Opinion

Challenges for the Lady
of Myanmar

The pressure on Aung San Suu Kyi as the sole symbol of the Myanmar democratic movement showed itself last December when at a news conference she was reported to have said: “Please don’t forget that I started out as the leader of a political party. I cannot think of anything more political than that.” She also obliquely referred to her image in the West, saying that the “icon was a depiction that was imposed on me by other people”.

It has been a long and painful journey for Myanmar’s democratization, headed by Suu Kyi. For two decades The Lady, as she is often called, has been the center of the democratic movement in Myanmar.

The struggle has been very painful personally, resulting in her sacrificing her family life.

In April 2012, Suu Kyi and her party, the National League for Democracy (NLD), won a historic by-election, and 43 members of the NLD joined the Myanmar parliament. The vote took place amid a series of political reforms initiated by the military-backed government.

Since then, Suu Kyi has begun to participate officially in public policy formulation. Although her voice is heard in small ways, it is no longer illegitimate. While this is obviously a huge victory for democratization in Myanmar, the next stage of the democratization battle will be just as hard and just as painful.

There are no guide books for this, despite the many titles detailing the issue of democratic transitions. What’s more, every country democratizes in its own way.

There is a certain image held among Western democratic countries about democratization in developing countries, which places very high expectations on leaders of these democratic movements.

Leaders such as Suu Kyi are crucial for democratization; they are the symbols that the people of Myanmar cling to and follow, just as former Indonesian president Abdurrahman “Gus Dur” Wahid was a symbol for the democratic movement during the Soeharto years.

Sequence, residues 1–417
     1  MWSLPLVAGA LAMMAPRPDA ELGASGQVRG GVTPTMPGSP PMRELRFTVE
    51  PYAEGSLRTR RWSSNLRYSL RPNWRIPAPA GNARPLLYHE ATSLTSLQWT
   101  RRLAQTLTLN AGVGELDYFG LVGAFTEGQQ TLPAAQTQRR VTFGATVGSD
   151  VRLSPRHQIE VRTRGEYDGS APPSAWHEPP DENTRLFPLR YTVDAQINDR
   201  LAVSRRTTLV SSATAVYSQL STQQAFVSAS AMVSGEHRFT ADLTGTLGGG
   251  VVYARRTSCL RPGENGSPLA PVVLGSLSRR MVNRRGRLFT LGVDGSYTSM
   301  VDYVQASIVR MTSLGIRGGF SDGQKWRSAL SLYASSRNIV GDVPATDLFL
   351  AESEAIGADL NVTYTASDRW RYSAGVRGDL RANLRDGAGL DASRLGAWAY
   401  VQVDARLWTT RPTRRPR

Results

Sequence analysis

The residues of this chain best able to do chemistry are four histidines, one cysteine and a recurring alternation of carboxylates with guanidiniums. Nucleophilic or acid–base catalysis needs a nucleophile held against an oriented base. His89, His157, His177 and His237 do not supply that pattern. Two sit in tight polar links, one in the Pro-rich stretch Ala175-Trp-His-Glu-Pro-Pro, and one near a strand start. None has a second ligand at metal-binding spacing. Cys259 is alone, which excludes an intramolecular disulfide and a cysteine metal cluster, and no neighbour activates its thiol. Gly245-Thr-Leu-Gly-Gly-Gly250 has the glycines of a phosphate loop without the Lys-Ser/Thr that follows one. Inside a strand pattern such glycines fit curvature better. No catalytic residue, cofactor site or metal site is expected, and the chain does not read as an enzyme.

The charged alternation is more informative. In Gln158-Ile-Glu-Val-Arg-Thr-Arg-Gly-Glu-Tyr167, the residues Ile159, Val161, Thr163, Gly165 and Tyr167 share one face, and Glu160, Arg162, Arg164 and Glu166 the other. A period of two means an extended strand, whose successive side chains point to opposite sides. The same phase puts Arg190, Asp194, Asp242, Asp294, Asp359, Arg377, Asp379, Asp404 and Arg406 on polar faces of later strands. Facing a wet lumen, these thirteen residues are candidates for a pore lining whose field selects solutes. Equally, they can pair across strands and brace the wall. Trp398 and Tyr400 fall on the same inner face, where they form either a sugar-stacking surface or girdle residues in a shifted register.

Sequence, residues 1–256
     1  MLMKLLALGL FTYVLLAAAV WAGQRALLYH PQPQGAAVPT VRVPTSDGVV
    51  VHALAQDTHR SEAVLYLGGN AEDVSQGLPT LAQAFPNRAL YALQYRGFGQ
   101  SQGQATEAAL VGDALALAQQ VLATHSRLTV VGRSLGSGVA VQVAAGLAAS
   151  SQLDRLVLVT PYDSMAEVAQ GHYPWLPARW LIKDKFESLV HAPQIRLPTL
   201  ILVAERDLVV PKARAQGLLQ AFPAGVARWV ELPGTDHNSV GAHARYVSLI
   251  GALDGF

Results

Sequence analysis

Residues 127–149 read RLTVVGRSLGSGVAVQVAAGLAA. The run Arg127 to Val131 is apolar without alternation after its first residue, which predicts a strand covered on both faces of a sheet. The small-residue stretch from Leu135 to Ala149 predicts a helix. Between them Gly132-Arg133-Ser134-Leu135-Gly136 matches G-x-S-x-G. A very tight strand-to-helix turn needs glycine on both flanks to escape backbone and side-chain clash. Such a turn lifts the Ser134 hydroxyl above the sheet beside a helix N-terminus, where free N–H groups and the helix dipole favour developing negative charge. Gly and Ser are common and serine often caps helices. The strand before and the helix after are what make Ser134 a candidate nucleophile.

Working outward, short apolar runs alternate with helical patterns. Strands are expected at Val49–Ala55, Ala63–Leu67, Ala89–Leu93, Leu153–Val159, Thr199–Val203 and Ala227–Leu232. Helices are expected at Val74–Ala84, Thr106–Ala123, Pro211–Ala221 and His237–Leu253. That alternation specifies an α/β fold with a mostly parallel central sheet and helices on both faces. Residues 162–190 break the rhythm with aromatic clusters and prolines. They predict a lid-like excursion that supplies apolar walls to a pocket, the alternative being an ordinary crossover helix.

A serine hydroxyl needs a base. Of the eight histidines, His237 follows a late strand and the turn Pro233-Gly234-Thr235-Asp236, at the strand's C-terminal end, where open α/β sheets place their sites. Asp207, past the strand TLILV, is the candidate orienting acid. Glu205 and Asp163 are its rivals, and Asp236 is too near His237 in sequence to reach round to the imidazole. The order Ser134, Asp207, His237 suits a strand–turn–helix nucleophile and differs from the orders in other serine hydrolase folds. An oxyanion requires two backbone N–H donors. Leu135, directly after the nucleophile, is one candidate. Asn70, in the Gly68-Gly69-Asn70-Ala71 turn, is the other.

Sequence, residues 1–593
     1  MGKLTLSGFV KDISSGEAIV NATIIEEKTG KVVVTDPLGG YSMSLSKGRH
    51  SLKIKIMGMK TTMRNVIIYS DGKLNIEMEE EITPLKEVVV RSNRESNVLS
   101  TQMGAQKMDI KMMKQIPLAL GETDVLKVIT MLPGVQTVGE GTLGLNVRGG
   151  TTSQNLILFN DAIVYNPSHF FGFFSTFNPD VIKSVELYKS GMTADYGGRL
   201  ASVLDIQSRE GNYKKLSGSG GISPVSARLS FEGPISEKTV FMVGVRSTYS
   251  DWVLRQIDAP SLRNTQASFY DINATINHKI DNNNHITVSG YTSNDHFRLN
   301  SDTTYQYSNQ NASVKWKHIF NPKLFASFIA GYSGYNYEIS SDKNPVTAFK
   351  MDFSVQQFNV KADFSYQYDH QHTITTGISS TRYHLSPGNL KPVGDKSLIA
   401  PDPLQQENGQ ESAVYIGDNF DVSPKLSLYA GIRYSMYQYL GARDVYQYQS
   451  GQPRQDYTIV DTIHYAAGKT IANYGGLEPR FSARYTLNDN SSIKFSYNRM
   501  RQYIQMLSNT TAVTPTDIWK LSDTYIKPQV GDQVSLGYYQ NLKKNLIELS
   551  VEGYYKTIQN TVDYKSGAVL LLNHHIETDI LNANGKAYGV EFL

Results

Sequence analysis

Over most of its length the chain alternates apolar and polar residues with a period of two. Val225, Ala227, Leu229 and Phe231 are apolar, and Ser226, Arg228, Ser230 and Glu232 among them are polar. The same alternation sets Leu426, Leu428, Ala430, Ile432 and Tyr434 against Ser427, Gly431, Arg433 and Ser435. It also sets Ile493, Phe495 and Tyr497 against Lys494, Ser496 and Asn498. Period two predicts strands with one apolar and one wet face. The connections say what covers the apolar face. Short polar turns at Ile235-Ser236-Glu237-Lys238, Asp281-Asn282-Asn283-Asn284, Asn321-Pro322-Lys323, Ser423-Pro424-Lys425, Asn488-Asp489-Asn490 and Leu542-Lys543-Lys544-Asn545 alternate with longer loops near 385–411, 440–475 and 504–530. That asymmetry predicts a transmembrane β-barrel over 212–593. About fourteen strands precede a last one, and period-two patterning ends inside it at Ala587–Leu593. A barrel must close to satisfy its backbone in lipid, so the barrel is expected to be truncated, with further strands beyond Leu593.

Once the Suu Kyis and Gus Durs become a legitimate part of the ruling elite, the voices in the West that gave oxygen to the democratic movements in developing countries cease to be important.

The different political stakeholders in the country take charge and are forced to deal with one another. The political discourse becomes local as negotiations take place to ensure that all political stakeholders have a seat at the table.

At this stage of democratization, the symbolism of these leaders proves insufficient, as the implementation of democratization becomes a practical matter, dealing with issues such as elections, strengthening political parties’ internal mechanisms, the widening of public participation in politics and so on.

This transition period is one of the most vulnerable points in the democratization time line. It is an intense, highly emotional and often treacherous period. The chaotic reorganization of political alliances, complex political and economic maneuverings and a new political discourse take place and become dominant.

In the practical negotiations between the old and new guards, these democratic leaders must be strong enough to hold their ground. At the same time, they must be skillful in negotiating with the old guard.

There will be demands on leaders by everyone in the country, including those who do not support the struggle. This is the time when the resilience of such leaders is tested.

Suu Kyi’s stand on the Rohingya and other ethnic minorities in Myanmar is a case in point.

She has been resisting calls to exert her moral authority on behalf of the Rohingya, a Muslim minority that faces discrimination and has suffered attacks by extremist Buddhists in the country.

Voices of disappointment are emanating from Myanmar’s Muslims and other ethnic minorities, such as the largely Christian Kachin population. Democracy and democratic principles are for everyone —
including the military.

With the greatest respect to Suu Kyi and her years of struggle for the people of Myanmar, she needs to change gears from being just a symbol and a lone fighter to widening her support base through educating the young and those at the grassroots level on democracy.

She needs to start tilling the soil now so that democratization can take root and grow in order for it to be harvested by present and future generations.

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The writer, a former journalist, is secretary-general of the Indonesian Community for Democracy (KID). She was a recipient of the Nieman Fellowship for journalism at Harvard University in the class of 1994.

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